This article is written for the Vernon Morning Star. Roseanne Van Ee enthusiastically shares her knowledge of the outdoors to help readers experience and enjoy nature. Discover exciting and adventurous natural events, best trails, and wild places. Follow her on Facebook for more.
Since owls prey is eaten whole or in big chunks, indigestible body parts (ie. bones, teeth, claws, fur, etc.) are regurgitated as a pellet. They’re usually black, dry masses about thumb size and shape. If you’re lucky, you might find owl pellets below a roosting spot.
Owls, like all wildlife, depend on wilderness to survive. But a few species can adapt to our urban landscape. Barred and Great Horned Owls are adapting well to natural urban areas.
Who’s who locally:
Great Horned Owl: Most common North American owl. Mostly nocturnal. Resident (stays year-round). In trees, including in residential areas, golf courses, parks and vineyards. Most adaptable, widespread, heaviest (3-4 lbs), largest eyed (human size), and longest lived (generally 15-20 years) of all our owls. Has a distinctive call of deep hoots.
Barred Owl: Frequently seen resident. Nocturnal. Bar-like patterns down its chest and dark eyes. Very intelligent, adaptive, varied diet. A series of quick hoots that resemble the melodic rhythm: “Who cooks for you? Who cooks all your food?” Possibly invasive from the east.
Short-eared Owl: Quiet and crepuscular (active in twilight). Swoops over fields and marshes especially around vole population “explosions .” Nests in shallow bowl scratched out in tall grass.
Long-eared Owl: Uncommon resident. Nocturnal, highly camouflaged and shy. Very long wings and long ear tufts. Nests and roosts in thickets near open field hunting grounds. Glides scanning for small mammals.
Snowy Owl: (Ookpik) Very rare fall migrant and winter visitor. Diurnal hunter. Heaviest North American owl with a thick down coat, fat and thickly feathered feet. Nests in Arctic.
Great Gray Owl: Crepuscular rare resident. Ghostly-shaped tallest North American Owl. Grey-feathered head with concentric-ringed bulls-eye face. Notoriously elusive blending into the forest.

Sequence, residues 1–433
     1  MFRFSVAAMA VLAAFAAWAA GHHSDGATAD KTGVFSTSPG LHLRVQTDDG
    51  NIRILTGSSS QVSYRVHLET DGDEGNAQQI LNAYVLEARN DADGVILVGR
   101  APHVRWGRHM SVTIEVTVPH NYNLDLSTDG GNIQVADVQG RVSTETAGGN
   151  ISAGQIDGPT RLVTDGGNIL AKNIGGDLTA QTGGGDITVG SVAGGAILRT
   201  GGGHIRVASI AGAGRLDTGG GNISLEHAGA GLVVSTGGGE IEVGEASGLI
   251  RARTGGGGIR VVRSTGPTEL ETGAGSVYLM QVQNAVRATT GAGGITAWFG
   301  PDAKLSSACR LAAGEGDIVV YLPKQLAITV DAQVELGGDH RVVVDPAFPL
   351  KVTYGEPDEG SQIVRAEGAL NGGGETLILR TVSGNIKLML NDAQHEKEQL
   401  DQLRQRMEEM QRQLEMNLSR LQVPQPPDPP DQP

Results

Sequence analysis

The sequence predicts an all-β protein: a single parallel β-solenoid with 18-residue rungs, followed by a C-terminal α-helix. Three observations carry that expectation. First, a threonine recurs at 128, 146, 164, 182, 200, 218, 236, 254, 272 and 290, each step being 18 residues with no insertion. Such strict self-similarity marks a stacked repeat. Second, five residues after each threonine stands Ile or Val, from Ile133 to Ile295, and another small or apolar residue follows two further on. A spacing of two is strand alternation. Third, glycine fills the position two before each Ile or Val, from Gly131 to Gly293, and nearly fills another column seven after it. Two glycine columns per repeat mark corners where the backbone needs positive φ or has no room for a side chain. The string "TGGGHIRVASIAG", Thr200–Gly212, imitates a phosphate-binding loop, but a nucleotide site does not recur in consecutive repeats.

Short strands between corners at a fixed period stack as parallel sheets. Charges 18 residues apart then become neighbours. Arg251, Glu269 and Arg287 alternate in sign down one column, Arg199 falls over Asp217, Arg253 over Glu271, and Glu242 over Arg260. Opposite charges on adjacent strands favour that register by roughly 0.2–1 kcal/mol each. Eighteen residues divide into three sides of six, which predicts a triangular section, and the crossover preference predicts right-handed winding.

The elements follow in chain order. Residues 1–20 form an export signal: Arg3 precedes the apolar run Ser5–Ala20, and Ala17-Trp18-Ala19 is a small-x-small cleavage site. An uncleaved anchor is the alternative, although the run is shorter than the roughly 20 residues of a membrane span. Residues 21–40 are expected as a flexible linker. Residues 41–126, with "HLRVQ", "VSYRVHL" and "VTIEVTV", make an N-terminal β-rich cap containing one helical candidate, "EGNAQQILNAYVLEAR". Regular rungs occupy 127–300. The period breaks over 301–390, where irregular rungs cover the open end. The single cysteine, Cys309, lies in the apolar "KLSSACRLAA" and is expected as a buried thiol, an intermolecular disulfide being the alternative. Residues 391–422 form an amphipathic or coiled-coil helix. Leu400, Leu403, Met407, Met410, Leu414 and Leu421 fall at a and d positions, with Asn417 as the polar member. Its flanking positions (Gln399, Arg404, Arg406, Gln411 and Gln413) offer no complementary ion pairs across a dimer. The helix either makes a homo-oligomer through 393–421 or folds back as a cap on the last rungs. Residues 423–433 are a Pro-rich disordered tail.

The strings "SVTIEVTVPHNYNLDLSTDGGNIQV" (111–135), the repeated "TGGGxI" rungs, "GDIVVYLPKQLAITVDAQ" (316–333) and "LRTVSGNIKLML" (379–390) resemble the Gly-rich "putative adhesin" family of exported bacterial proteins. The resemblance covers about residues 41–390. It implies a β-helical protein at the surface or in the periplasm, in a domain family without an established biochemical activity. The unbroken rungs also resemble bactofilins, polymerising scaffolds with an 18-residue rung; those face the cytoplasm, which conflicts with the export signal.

Northern Saw-whet Owl: Nocturnal. Common woodland resident. In spring male “sings” monotonous regular single whistles. Cavity nester.
Western Screech Owl: Nocturnal, uncommon, secretive resident in riparian lowlands.
Boreal Owl: Nocturnal, secretive resident in higher altitude coniferous/mixed forests rarely shifting to lowlands in winter. Uses flicker cavities for breeding.
Northern Pygmy Owl: Small, uncommon, diurnal, fierce, visual bird and mammal hunters. Has two dark “eye spots” on back of head. Clear, measured “hook” whistles. Seen in Silver Star Mountain area. Breeds in higher elevation forests and some shift down to valley for the winter.
Barn Owl: Nocturnal, rare resident. Found in rafters of barns and abandoned buildings. Dark eyes on heart-shaped facial disk. Long legs. Short-lived (1-2 years to a maximum of eight years)
Northern Hawk Owl: Diurnal. Rare winter visitor. Long tail, pointed wings, swift direct flight, visual hunter (like accipiter hawks) to catch fast flying songbirds. Often perches conspicuously in open areas.
Flammulated Owl: North America’s smallest owl. Nocturnal. Large, black eyes. Mythically rare, elusive summer visitor. Quiet. Insectivorous. Migrates to Mexico and Central America.
Burrowing Owl: Small with long legs and Groucho Marx eyebrows. Was a former summer resident to grasslands of North Okanagan is extirpated (now locally extinct) since the early 1900s. They nest in underground burrows, but no longer breed naturally in the Okanagan due to habitat loss from cattle grazing, agriculture and from pesticide poisoning. Ongoing re-introduction programs tried for past 30 years.
Be cautious and quiet near owls; they need their sleep.
Don’t use rodent poison or insecticides. They can inadvertently kill owls and other wildlife.
Many thanks to local ornithologist, Chris Siddle, for his help with this article.